As Rodger Kamenetz describes in his column, he and Palestinian writer Hassan Khader engaged in a lengthy conversation about the nature of identity. Portions of that conversation are excerpted below:

Kamenetz: Identity can be thrust upon us by history, by tragedy, by circumstances. At the same time, we do have the freedom to choose our identities. We have the freedom of the poet who says I am another, the I is another.

I think that's difficult when the suffering in one's life is immediate and real. Though I believe in the utter freedom to choose, I have always felt I had no choice in fact. I have always felt I am a Jew, I am a Kamenetz, and yet I know I could have chosen other names, other identities, other religions. Yet because of our freedom today, I think all Jews in America are Jews by choice.

Hassan: I'd like to say that being a Palestinian is a 24-hour profession. This is something that occupies all your life, for reasons you did not choose. You find yourself in a situation not of your choosing. That situation maybe could be understood by Jews. Jews by their own choice or by force.

In addition to that, it's not easy to be something 24 hours a day. It can be tiring, it can be difficult. And at the same time there's a need to understand what it means.

The Jews, especially in Israel, are obsessed by a question: Who is a Jew? What is a Jew? To me this could apply to the Palestinians. What is a Palestinian? Who is a Palestinian? One of the founders of modern Palestinian literature said, 25 years ago, a Palestinian is not someone born to Palestinian parents. A Palestinian is someone fighting for freedom. There is a lot of ideology in that definition. But the need to define or redefine the Palestinian is important.

How can we define our identities? We need the other. We need some other to create a distance between our self and the other. To think of our identity as something different from the other. For different reasons I got obsessed by things Jewish and Israeli for several years now and I've started to try to understand what's going on.

If we say the Israelis have an existential sense of fear, we don't have that at all as Palestinians. Maybe I have ideological or passport problems. But there's nothing existential about my identity.

Identity is an invention. We always invent our identities. We can be Palestinians by choice. The biological definition is not important. My personal experience, I tried to express that in an essay I wrote in Alkarmel, edited by Mahmoud Darwish. We did an issue on homeland and exile. I spent 21 years of my life outside Palestine. I belong to a generation that can be defined in Arab literary terms as the PLO generation. I grew up in the Palestinian national movement, and I lived in different parts of the world, and I came back after the Oslo agreement in 1994. Several people tried to explain the difference between homeland and exile.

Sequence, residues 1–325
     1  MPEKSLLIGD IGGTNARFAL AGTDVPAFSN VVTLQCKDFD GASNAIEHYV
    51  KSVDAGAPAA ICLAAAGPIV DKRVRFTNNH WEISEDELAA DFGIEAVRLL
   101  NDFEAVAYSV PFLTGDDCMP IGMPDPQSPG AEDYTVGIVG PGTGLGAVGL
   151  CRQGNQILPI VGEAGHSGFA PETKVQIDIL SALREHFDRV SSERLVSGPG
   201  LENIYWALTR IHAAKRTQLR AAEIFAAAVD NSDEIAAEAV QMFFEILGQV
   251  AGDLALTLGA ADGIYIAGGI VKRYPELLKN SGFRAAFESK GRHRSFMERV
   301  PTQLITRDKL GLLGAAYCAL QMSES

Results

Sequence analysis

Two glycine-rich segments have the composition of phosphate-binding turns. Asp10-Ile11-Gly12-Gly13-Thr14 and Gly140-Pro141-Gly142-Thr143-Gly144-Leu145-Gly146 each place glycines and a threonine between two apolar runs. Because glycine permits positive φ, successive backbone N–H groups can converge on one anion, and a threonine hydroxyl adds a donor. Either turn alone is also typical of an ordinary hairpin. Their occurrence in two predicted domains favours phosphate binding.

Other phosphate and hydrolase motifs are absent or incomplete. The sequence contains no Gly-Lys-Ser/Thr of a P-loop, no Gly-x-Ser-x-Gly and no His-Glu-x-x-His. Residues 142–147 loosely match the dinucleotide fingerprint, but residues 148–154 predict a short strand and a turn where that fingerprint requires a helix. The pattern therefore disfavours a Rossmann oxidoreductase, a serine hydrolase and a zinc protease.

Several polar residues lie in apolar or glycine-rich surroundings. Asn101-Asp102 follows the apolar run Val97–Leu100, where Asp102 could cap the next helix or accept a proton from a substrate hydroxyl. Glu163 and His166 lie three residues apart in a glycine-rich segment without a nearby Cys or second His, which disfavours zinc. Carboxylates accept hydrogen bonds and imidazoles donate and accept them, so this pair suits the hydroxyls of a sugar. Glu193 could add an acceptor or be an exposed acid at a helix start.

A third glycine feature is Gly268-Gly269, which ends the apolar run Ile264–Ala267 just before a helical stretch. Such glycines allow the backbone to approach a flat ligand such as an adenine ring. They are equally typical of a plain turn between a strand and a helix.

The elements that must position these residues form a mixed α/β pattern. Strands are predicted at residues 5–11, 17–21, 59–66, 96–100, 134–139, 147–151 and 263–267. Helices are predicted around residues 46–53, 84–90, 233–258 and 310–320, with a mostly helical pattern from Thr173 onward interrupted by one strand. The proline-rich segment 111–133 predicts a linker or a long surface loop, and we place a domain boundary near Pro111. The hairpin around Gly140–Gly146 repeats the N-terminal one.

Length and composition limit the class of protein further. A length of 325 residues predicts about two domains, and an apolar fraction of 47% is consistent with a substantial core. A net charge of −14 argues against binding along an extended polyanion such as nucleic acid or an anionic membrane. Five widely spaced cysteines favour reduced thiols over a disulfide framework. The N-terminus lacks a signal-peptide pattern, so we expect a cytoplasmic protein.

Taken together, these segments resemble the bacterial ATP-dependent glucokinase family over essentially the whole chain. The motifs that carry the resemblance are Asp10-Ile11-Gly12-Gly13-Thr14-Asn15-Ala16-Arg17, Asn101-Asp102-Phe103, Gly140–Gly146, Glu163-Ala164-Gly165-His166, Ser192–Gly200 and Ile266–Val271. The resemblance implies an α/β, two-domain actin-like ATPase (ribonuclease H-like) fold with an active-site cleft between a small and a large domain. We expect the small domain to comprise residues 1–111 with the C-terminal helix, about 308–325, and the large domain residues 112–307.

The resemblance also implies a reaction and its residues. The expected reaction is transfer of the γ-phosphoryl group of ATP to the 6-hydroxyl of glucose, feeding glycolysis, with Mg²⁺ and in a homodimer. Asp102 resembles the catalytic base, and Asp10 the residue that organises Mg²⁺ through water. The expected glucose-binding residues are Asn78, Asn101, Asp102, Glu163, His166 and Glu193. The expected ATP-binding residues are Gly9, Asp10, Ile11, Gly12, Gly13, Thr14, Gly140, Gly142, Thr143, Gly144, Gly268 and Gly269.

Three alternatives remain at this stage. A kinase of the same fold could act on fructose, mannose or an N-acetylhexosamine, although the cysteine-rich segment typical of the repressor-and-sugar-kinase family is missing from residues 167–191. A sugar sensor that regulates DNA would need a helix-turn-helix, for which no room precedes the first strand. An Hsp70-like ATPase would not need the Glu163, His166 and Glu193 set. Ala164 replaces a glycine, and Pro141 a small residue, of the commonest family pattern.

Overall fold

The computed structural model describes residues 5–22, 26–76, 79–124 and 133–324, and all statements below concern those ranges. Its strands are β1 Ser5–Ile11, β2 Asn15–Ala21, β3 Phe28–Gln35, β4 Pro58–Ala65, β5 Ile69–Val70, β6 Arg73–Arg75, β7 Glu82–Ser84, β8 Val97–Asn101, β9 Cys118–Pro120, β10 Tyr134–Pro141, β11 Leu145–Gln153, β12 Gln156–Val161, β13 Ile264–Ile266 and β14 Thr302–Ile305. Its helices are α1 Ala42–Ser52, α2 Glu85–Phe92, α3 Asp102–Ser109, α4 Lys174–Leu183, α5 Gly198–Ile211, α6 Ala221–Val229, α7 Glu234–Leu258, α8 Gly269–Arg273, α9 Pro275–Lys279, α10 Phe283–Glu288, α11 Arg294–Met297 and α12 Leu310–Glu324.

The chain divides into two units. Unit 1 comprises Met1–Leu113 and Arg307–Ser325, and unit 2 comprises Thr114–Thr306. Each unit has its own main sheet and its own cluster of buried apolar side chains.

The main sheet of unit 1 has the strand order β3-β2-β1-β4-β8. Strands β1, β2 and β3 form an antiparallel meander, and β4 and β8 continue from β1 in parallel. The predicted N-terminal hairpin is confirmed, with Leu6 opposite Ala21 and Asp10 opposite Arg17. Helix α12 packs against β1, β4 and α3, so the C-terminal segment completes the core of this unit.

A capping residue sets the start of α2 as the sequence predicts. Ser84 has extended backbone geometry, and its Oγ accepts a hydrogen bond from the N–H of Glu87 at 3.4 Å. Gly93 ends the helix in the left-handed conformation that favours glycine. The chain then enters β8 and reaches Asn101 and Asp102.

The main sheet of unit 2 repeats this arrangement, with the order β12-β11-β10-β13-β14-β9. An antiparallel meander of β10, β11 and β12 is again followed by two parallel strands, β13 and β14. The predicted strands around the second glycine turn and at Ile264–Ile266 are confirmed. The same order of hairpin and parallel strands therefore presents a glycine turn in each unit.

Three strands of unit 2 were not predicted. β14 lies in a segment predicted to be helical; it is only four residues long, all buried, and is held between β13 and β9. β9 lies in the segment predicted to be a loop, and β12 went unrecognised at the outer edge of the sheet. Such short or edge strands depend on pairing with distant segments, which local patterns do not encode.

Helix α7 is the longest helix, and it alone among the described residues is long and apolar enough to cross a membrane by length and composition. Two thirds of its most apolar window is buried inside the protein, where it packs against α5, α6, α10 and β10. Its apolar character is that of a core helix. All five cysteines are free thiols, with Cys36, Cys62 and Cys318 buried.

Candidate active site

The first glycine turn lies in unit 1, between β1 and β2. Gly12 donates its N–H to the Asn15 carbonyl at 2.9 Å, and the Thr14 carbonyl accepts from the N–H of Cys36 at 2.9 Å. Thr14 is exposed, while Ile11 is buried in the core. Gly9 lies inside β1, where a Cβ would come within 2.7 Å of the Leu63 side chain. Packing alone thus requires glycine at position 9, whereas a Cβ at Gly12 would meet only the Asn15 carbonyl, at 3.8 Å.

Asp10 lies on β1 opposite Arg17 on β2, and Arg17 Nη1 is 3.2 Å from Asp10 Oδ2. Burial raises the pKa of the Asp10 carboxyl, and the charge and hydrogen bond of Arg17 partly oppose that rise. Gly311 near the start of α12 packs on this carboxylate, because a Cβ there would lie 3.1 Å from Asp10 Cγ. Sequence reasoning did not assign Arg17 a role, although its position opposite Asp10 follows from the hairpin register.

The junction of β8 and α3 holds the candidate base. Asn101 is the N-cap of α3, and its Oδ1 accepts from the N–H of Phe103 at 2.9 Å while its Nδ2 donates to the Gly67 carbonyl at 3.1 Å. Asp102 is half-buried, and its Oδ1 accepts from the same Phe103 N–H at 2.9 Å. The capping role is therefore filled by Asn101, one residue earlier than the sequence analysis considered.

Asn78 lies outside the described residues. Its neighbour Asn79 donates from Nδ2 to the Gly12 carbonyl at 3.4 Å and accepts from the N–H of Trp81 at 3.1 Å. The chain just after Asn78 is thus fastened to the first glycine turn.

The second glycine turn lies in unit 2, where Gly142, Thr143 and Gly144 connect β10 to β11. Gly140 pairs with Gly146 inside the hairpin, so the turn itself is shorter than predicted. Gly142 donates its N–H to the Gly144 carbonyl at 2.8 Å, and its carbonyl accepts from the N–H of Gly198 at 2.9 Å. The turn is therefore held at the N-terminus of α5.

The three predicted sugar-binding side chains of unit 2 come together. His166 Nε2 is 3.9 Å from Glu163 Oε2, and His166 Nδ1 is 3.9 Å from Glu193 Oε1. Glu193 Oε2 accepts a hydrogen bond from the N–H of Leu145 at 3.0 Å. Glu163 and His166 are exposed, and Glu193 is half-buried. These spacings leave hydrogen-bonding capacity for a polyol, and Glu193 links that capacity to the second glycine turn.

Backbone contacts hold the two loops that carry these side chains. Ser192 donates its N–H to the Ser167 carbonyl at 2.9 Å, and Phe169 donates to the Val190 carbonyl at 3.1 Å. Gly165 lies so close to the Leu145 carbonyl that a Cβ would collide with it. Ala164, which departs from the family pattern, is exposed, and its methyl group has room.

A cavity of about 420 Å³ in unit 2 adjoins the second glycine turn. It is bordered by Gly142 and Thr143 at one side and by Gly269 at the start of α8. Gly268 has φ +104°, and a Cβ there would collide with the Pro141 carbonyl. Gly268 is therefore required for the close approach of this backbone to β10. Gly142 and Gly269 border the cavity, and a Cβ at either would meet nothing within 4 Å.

Hassan then read from an essay describing his feelings on returning to Palestinian territory in the summer of 1994:

I didn't expect to go back to Palestine any time. And that was the worst pain in my life. I always had the feeling I want to go back. I understood it was impossible.... So when I knew I would go back, that was the most difficult and painful experience of my life. I couldn't sleep.

Palestine is not a paradise. It was not better than where I was living. I lived in other parts of the world. But it was the only place I wanted to be. I want to be there. It was impossible to sleep for several weeks. I couldn't do anything. I couldn't think. I couldn't live. That explains something. It might be irrational, but the need to belong to somewhere personally was and is very strong..

. This is a mystical thought: the road to the house is more important than the house itself. The road is very important. We need a meaning for our life. That's why Mayakovsky committed suicide and Yesenin. The great Soviet poets committed suicide because they couldn't face the reality of the Socialist revolution. When it became a reality, they couldn't face that reality.

Kamenetz: Reality is very hard on poets. [laughter]

Hassan: I don't know what is reality. But if I want to say the difference, I can talk freely about living in the text. As a Palestinian, we come back to our favorite subject. The problem of Israeli writers is that they are afraid to live in the text. They have to emphasize the fact that they are in Eretz [the land of] Israel two thousand times a day in order to feel secure. I don't have an existential problem..

Rodger: Yet books can create reality. Theodore Herzl wrote a novel called The Old New Land, which turns out to be a blueprint for his dream of Israel. So often I like to say Israel is the only nation in the world that's based on a novel.